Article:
The Southwestern Historical Quarterly, Volume 25, July 1921 - April, 1922

VOL. XXV JULY, 1921 No. 1
The publication committee and the editors disclaim responsibility for views expressed by
contributors to THE QUARTERLY
The shelving of Van Buren at the Baltimore convention in 1844
and the selection of Polk as the leader of the party committed
to the immediate annexation of Texas was, as is well known, pri-
marily the work of a group of Mississippi politicians led by Robert
J. Walker. The action of these delegates in thus violating their
instructions, on the whole, met with the full approval of their con-
stituents.2 With truth Walker has been styled "the architect of
1The writer desires to acknowledge his obligation to the Mississippi
Department of Archives and History, where most of the material upon
which this paper is based was obtained. The admirable organization of
this valuable collection, and the never failing courtesy of the Director,
Dr. Dunbar Rowland, combine to render the student's task an unusually
pleasant one.
2By both the Democratic and the Whig journals within the state the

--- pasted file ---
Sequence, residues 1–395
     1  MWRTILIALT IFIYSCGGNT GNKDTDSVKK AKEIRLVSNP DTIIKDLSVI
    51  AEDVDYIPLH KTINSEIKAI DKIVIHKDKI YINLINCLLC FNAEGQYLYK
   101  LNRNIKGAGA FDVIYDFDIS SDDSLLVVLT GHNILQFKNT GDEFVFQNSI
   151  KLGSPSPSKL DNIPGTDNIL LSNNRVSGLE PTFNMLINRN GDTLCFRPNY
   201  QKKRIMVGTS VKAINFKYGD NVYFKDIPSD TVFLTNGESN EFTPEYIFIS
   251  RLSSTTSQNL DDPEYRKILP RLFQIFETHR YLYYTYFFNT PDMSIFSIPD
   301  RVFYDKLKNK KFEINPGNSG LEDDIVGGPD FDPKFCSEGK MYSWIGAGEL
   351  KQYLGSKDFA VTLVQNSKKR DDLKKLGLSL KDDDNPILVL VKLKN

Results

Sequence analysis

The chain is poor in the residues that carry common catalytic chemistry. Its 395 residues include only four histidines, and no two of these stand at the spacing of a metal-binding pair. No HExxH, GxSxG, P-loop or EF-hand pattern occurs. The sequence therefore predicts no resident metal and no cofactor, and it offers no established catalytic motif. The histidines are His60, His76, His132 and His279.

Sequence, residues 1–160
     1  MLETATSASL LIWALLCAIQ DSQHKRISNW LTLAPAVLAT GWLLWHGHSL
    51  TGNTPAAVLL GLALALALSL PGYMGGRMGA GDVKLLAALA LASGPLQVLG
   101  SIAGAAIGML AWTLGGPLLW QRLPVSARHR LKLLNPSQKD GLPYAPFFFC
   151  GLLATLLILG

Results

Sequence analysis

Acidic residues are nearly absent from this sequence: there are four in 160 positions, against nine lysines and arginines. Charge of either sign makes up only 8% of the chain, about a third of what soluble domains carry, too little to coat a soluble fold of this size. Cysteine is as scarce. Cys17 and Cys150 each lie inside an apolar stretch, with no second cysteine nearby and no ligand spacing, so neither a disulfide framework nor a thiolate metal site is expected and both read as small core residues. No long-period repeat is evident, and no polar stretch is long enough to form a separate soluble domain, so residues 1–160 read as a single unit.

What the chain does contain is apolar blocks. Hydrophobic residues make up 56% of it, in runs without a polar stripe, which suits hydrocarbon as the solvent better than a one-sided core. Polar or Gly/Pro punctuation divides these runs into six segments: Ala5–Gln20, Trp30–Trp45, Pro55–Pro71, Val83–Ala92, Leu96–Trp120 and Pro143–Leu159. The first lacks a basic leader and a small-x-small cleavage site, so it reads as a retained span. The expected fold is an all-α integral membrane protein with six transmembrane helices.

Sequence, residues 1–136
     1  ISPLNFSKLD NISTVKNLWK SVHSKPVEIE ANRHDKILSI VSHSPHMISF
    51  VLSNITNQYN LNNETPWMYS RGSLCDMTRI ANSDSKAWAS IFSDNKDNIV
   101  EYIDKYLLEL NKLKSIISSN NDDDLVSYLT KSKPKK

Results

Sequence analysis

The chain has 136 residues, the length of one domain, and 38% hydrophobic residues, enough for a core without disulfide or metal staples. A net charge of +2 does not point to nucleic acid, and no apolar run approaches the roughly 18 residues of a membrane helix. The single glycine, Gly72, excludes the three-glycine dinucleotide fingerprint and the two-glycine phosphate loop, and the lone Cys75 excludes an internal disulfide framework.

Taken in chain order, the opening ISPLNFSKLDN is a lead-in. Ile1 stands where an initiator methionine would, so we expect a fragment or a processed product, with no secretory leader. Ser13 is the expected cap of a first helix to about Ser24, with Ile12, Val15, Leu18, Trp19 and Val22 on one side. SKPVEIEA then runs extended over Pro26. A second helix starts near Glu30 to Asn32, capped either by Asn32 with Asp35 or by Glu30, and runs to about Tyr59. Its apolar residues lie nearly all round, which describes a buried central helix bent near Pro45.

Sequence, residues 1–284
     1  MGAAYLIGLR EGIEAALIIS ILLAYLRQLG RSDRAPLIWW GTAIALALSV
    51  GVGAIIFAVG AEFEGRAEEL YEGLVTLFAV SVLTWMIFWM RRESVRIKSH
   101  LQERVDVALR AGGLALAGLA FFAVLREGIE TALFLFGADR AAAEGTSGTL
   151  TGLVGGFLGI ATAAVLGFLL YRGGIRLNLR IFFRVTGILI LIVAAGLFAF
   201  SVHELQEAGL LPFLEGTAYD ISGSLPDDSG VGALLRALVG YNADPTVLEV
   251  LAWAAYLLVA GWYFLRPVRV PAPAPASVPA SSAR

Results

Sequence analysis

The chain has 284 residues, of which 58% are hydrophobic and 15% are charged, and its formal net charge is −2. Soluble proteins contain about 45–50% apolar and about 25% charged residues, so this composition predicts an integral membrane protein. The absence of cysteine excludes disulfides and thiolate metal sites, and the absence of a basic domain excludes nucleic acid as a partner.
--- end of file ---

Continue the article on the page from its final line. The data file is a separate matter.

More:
nomination of the ex-president was confidently expected, though a lead-
ing Whig organ declared the leaders of his party had been looking for
an excuse for three years to drop Van Buren. By some the defeat of
Governor Runnels as far back as 1835 was cited as evidence of "how
heavy a weight Van Burenism is for a candidate in Mississippi." At the
Democratic state convention held in Jackson on January 8, Van Buren's
only competitor for the leading place on the ticket was John C. Calhoun,
who received only one-third as many votes as his competitor. The nomi-
nation of Van Buren was made unanimous and to Polk fell the second
place on the ticket, an honor which had been accorded him four years
before. It is true the more radical Democratic organs threatened to bolt
the ticket in the event of Van Buren's nomination, but this was solely
on account of his opposition to immediate annexation; the more conserva-
tive journals, while regretting his attitude upon annexation, urged the
party leaders to stand by the nominees of the national convention. "The
South must not alienate the Democracy of the North." It should be
noted that the odium which Van Buren is said to have incurred in the
South is reflected, so far as Mississippi is concerned, only in the prints

Texas State Historical Association. The Southwestern Historical Quarterly, Volume 25, July 1921 - April, 1922. Austin, Texas. The Portal to Texas History. Accessed August 3, 2015.